During the furious revolutionary war, George Washington’s horse was twice shot out from under him and his general’s coat was cut open in five places by bullets that pierced his clothing but curiously, did not touch his body.

In one remarkable incident on September 11, 1777 Washington rode ahead of his troops in Philadelphia. He personally directed maneuvers as an army of 12,500 British troops marched through Pennsylvania toward the patriot capital of Philadelphia. Covering their flank, a detachment of British marksmen hid in the woods along Brandywine Creek, Pennsylvania. These crack soldiers kept watch looking for General Washington’s colonial troops. Suddenly a cavalry officer rode into view, followed by a senior American officer wearing a high cocked hat mounted on a bay horse.

Captain Patrick Ferguson at 33 years old was reputed to be the best marksmen in the British army. His unit was equipped with rifles of Ferguson’s own design. He whispered to three of his best riflemen to creep forward and pick off the unsuspecting officers. But before the men were in place, he felt great discomfort at the idea of such an ambush of officers and ordered them not to fire. He shouted to the American, who was riding a bay horse.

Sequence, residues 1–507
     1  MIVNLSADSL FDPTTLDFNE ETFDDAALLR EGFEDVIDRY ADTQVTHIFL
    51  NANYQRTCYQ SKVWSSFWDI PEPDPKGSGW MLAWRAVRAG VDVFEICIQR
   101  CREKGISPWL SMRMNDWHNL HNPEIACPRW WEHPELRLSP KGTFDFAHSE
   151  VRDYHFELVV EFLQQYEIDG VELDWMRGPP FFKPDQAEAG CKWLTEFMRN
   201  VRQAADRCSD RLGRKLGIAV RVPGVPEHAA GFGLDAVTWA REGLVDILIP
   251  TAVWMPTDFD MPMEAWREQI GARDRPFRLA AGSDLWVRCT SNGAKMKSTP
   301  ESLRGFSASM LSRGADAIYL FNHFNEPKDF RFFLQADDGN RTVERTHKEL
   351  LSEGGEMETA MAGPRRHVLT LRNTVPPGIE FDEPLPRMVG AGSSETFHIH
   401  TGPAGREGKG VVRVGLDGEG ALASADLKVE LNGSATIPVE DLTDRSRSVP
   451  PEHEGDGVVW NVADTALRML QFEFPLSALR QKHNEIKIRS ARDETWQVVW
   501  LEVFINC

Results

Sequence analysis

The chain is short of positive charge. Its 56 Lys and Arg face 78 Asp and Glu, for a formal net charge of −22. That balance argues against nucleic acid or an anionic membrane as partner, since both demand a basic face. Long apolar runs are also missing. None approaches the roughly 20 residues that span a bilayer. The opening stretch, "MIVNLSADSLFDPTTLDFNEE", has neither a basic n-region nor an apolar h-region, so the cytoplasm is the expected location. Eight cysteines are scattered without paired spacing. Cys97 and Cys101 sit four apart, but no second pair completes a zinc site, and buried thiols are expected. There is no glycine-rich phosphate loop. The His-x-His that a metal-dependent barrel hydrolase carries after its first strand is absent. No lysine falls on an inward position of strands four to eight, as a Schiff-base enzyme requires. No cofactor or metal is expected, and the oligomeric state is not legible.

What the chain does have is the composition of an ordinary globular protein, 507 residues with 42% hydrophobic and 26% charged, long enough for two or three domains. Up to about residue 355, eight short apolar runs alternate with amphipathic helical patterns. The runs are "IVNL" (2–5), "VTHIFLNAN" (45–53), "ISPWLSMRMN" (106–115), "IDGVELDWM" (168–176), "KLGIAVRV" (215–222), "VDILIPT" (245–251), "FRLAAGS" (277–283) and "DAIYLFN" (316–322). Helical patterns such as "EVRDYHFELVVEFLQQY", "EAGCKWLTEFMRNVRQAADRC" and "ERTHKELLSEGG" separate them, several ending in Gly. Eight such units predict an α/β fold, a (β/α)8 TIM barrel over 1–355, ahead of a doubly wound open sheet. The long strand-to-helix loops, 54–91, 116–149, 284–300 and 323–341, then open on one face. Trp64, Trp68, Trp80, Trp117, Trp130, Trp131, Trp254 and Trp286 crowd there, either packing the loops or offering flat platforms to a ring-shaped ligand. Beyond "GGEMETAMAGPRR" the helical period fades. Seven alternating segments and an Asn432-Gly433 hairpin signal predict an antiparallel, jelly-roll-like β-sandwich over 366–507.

The American looked his way for a moment, and turned to ride on. Ferguson called again, this time leveling his rifle toward the officer. The American glanced back before slowly cantering away.

A day later, after he had been seriously wounded himself, Ferguson learned that the American officer he let ride off on a bay horse was General George Washington. “I could have lodged half a dozen balls in or about him, before he was out of my reach,” Ferguson recalled, “but it was not pleasant to fire at the back of an unoffending individual, who was acquitting himself very coolly of his duty—so I let him alone.”

There is no telling how the American Revolution would have turned out if Ferguson decided to shoot. Washington lost the Battle of Brandywine and then the city of Philadelphia, but lived on to win the war.

A century later the American historian Lyman C. Draper wrote: “This singular impulse of Ferguson illustrates, in a forcible manner, the over-ruling hand of Providence in directing the operation of a man’s mind when he himself is least of all aware of it.

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